The next six weeks could shape Britain's destiny for decades
It is the most significant general election in more than a century; the result will determine the destiny of the UK for decades to come.
There are just six weeks to go until the British people go to the polls on 12 December.
A victory for Boris Johnson’s Conservative Party would mean that Britain would leave the EU within months, turning away from Europe and towards the US. The UK itself may then break up as pressure builds for a united Ireland and Scottish independence.
In sharp contrast, Labour leader Jeremy Corbyn is promising to renegotiate a “softer” deal with Europe and put the result to a referendum. But his influence would be felt in other ways, affecting the most dramatic change in British economic policy since Maggie Thatcher 40 years ago. She led Britain and the world towards neoliberalism.
Corbyn would try to reverse Thatcher. He has pledged to bring back the social democratic economic and social structures that defined much of western Europe when he was a young socialist. This would include seizing up to 10 percent of the shares in big companies and giving them to workers, and renationalising key industries. Some of his policies, such as renationalisation of rail, are more popular than critics realise.
Under Johnson, the Conservative Party has converted itself into something uncomfortably close to an English nationalist party
Corbyn is not - repeat, not - a communist as his enemies assert. But he is certainly promising substantial redistribution of wealth from rich to poor, and from employer to employee. He also promises to fundamentally change the pattern of British foreign policy by re-examining the longstanding alliance with the US.
Corbyn’s chances of victory are low. His divided Labour Party hovers around 10 points below the Tories in most polls. This means that Johnson is favoured to win an outright majority, which would put him in power for five years - and give him the mandate he craves to take Britain out of the EU.
Yet, the Brexit factor makes this a difficult election to predict. Some will likely vote for tactical reasons, to help engineer their favoured outcome. Party affiliations are loose. British politics is being reshaped before our eyes.
The Liberal Democrats look certain to put on a strong performance as an unequivocally Remain political party. The Scottish National Party will likely wipe out Tory seats north of the border.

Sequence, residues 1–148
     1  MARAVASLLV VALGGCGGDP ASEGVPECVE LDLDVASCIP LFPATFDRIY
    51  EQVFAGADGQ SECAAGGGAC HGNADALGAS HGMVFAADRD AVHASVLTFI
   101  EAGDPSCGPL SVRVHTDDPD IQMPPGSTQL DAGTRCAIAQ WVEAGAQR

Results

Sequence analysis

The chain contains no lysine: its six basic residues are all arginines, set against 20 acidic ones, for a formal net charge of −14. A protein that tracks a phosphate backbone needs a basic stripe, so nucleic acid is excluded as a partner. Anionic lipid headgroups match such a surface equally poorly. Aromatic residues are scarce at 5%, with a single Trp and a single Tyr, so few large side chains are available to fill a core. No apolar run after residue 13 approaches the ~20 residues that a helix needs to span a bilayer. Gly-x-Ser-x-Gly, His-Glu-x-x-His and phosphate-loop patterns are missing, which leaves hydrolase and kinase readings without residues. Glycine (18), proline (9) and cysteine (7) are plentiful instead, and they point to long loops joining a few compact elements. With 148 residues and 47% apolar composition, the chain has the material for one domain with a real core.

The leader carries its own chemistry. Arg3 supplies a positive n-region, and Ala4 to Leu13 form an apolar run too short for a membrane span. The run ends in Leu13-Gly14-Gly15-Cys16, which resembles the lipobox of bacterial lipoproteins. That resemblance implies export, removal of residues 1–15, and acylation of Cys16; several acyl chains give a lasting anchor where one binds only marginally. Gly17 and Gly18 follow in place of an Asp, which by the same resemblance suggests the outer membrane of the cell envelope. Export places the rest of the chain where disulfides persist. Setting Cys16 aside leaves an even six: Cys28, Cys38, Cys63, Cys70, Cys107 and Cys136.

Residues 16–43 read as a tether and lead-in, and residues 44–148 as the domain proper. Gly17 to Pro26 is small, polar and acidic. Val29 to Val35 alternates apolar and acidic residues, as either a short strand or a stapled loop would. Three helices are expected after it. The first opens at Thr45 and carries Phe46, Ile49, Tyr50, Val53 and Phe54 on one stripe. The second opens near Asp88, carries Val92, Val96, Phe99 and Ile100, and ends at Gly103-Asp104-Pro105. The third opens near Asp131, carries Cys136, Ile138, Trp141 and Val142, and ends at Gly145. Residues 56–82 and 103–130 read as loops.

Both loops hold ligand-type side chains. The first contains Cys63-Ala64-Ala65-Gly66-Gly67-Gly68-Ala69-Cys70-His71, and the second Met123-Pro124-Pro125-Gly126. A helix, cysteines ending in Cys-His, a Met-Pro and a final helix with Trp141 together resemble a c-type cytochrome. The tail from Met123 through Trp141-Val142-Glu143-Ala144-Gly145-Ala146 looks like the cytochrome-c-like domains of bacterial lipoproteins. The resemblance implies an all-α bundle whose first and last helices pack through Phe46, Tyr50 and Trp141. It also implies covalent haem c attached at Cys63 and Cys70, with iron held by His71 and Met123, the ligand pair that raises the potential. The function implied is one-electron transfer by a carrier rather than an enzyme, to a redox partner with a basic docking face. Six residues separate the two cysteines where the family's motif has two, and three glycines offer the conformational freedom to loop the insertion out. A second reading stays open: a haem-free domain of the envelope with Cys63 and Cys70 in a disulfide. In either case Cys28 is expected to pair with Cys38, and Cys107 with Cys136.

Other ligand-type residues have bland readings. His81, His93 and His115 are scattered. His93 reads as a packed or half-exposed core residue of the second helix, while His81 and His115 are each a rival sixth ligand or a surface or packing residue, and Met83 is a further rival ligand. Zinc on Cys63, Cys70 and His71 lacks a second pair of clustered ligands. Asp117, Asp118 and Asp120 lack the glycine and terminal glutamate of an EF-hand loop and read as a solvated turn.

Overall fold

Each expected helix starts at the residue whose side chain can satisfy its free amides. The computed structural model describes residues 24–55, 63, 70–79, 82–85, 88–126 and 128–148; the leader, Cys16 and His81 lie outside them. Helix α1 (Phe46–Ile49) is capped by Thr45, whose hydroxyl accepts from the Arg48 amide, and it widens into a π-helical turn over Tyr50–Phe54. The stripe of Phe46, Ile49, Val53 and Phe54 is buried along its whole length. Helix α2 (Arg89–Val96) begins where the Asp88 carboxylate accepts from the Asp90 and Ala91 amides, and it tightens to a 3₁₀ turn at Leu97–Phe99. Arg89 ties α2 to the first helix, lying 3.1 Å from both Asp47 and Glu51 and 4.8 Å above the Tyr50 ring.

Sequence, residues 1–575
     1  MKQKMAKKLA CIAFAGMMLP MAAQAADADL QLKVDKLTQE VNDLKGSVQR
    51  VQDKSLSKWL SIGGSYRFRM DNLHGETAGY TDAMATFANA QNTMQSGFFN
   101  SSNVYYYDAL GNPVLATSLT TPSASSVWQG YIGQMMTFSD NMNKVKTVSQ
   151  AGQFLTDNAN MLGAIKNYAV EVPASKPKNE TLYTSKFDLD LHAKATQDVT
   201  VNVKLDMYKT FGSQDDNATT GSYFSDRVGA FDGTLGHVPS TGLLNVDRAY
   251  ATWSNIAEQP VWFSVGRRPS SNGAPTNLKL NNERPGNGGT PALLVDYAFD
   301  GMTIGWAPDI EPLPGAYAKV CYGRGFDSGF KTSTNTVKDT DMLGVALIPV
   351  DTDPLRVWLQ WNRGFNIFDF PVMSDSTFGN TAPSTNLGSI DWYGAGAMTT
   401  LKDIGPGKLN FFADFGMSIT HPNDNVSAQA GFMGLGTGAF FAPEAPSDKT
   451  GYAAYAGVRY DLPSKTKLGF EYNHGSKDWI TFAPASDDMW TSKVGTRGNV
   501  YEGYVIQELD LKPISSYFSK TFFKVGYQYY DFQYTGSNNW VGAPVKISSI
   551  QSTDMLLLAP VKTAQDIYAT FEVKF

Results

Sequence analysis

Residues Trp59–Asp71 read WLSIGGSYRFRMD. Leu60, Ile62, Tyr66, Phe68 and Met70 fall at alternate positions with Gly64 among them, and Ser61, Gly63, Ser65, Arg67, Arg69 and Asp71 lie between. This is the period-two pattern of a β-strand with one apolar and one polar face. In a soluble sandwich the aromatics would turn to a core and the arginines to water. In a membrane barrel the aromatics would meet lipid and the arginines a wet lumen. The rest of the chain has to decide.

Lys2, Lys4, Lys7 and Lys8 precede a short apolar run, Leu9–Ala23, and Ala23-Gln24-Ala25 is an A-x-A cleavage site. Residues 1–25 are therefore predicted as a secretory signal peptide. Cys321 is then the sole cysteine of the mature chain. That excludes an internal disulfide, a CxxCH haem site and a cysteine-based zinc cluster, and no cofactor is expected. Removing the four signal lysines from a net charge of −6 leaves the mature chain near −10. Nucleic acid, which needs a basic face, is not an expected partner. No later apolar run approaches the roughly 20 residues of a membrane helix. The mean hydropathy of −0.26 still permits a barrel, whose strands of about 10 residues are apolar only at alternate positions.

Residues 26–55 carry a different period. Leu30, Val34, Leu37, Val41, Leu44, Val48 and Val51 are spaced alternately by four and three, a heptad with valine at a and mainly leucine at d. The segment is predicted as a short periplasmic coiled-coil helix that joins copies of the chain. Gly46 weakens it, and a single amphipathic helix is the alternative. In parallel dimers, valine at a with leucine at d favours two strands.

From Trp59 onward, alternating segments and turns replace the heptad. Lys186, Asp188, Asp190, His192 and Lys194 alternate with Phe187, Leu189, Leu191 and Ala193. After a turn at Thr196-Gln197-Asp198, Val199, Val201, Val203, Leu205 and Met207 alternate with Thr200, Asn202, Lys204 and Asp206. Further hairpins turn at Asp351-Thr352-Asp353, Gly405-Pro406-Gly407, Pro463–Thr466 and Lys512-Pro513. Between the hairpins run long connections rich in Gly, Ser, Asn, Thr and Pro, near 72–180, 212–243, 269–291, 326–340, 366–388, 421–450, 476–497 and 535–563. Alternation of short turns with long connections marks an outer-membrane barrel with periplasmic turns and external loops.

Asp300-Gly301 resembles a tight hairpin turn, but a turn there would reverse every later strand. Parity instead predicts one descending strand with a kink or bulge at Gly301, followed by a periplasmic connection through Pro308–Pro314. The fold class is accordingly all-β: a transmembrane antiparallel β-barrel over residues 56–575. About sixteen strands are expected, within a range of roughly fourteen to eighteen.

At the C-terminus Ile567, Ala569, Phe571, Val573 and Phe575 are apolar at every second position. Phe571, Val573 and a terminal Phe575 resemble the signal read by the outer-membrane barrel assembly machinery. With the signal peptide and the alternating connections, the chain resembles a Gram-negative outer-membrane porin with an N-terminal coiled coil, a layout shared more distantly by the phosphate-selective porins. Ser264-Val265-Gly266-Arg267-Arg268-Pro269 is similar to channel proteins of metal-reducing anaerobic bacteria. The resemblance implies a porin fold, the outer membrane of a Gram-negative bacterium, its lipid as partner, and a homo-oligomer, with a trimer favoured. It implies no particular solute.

Britain’s senior pollster, Sir John Curtice, believes “the safest prediction” is that there will be a record number of non-Conservative and non-Labour MPs elected.
With so much at stake, I am afraid we are facing the most vicious campaign in modern history.
Large parts of Johnson’s Tory Party appear to have fallen into the hands of the Vote Leave campaign, which misled the British public and broke electoral law in 2016. The campaign notoriously claimed that the UK sent the EU £350m ($453m) a week when the real figure, after a rebate is taken into account, is closer to £267m a week.
The anti-Muslim card
Another lie came in the form of a poster that said: “Turkey, population 76 million, is joining the EU.” Three years on, and Turkey is yet to join the EU and doesn’t look close to doing so.
The campaign was also fined £61,000 ($79,000) by the Electoral Commission for breaching spending limits.
Expect more of the same. Corbyn will will be portrayed as an antisemite and a Marxist hell-bent on the destruction of Britain.
If past history is anything to go by, Johnson’s Tories may play the anti-Muslim card, exploiting fears of Islam and mass immigration to win votes. There was early evidence of this in a recent edition of Spectator magazine, which carried a piece by the notoriously bigoted columnist Rod Liddle, calling for Muslims to be denied the opportunity to vote.
The Tories will project themselves as a moderate centrist party, compared with Corbyn’s far-left Labour. This is misleading.
Under Johnson, the Conservative Party has converted itself into something uncomfortably close to an English nationalist party. It’s launched a series of ugly attacks on parliamentary democracy and the rule of law.
This is one reason why we’ve seen the departure of so many traditional Conservatives, including Amber Rudd, Ken Clarke, Rory Stewart, Philip Hammond, Dominic Grieve, Oliver Letwin, Justine Greening and more.
The best way to fight Johnson's Tories would be via an electoral pact between Labour and the Liberal Democrats
The One Nation Tory Party is no more. The hard right has won the internal Tory battle. Can it now win an election? The signs are that it can.
This is partly because the opposition is divided. The best way to fight Johnson’s Tories would be via an electoral pact between Labour and the Liberal Democrats.
Neither Corbyn nor Liberal Democrat leader Jo Swinson will countenance such an arrangement. Meanwhile, Johnson faces his own threat from the Brexit Party to the right.
These are unsettling, dangerous times. But Britain has a magnificent history of democracy, freedom, decency, tolerance and support for the underdog. It’s time to draw on that.
The views expressed in this article belong to the author and do not necessarily reflect the editorial policy of Middle East Eye.